ground. Again, huge nuggets of copper, torn from the immense deposits of native copper at Keweenaw Point, Portage Lake, and the Ontonagon district, on the southern shore of Lake Superior, are found widely disseminated to the south of these localities in Michigan, Wisconsin, Ohio, and Minnesota, a few of which have weighed 300,800, and one 3,000 pounds. From the sides of the White Mountains fragments of rock have been carried away, and not only conveyed southward, but, as Agassiz first pointed out, distributed northward, though only at comparatively slight distances. Long Island, that narrow fork of land running eastward and separated from the southern shore of Connecticut by the Long Island Sound, a shallow and turbulent trough, is lined, alike on its southern and northern edges, with bowlders, while its backbone of low hills is also strewed with their débris. They occur gathered together in groups forming topographical features in the landscape, and single ones have a weight of 2,000 tons. As regards their origin, they seem to have drifted from three localities, from the Helderberg Mountains in Central New York, from Manhattan Island, and from various points in Rhode Island, Connecticut, and Massachusetts. Those about the west end of the island may be traced to the Eastern States lying to the north, while many of the western visitors appear to have approached along the valley of the Hudson from the Highlands of New York. On Staten Island we may trace still farther the current of traveled rocks, and find both centres of emigration represented: the bowlders, now gray with lichens, half emerging from the soil, or deeply buried beneath gravel, clay, and sand, or else dispersed in colonies over the surface like pebbles on a board. Manhattan Island, along its southern shore, has been dotted with bowlders of serpentine, dragged from Hoboken, while gneiss and anthophyllite from the bed-rock of the island, limestone from Kingsbridge, and jasper from the Palisades, have likewise been sown across it, though before the restless advance of population they are fast disappearing. In Westchester, Putnam, and Orange Counties, along the banks of the Hudson, these bowlders, all indicating northern extraction, are repeatedly found, frequently at heights of 1,000 feet. These erratics have come from the Shawangunk Mountains, from Whitehall, Essex County, and from Potsdam; in short, they are witnesses of an invasion of northern material prevalent over the State. That these rocks belong northward is not difficult to prove. The reasoning is simply this: When anthophyllite, for instance, a rock unknown in situ to Long Island, appears there in broken and detached masses, we must conclude it belongs to the nearest deposits of the same rock, where it occurs in place, as upon Manhattan Island, and the horn-blendic rock, the gneiss, trap, and iron-ore, similarly found on Long Island, we refer to those conspicuous and well-known localities in Connecticut and Rhode Island where exactly these rocks, identical in chemical composition, are quarried.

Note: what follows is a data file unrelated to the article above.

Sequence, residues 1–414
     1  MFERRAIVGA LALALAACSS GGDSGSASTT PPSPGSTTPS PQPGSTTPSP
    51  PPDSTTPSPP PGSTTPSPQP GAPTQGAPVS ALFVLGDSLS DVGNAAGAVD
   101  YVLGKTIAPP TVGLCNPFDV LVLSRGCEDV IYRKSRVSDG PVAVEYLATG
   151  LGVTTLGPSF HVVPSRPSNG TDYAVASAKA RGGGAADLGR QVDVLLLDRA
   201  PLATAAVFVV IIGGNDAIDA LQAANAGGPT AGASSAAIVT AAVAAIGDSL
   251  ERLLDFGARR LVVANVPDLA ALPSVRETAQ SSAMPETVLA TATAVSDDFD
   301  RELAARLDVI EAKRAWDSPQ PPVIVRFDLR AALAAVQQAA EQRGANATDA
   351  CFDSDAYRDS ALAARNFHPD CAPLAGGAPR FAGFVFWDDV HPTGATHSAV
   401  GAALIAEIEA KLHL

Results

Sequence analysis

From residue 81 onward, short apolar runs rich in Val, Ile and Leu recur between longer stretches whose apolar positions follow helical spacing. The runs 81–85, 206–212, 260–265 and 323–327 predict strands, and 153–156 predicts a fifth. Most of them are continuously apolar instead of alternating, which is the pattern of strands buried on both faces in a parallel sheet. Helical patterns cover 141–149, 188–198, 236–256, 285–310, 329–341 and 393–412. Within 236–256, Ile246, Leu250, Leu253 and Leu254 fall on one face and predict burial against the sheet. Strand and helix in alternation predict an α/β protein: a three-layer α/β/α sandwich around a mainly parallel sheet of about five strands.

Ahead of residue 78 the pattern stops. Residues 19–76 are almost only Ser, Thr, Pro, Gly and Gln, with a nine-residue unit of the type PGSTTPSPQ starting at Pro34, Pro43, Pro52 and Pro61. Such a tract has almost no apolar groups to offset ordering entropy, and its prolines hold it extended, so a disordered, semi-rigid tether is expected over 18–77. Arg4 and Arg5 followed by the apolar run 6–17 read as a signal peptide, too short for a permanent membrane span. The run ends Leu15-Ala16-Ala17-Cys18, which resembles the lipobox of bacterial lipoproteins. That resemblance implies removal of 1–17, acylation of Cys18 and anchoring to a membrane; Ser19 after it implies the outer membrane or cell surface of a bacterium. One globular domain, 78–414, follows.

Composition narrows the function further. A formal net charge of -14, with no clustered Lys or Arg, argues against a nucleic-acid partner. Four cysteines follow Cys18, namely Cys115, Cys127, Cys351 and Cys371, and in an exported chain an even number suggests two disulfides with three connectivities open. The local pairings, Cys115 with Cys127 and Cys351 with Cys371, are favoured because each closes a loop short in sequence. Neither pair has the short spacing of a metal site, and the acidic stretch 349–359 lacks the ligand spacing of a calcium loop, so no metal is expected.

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THE POPULAR SCIENCE MONTHLY.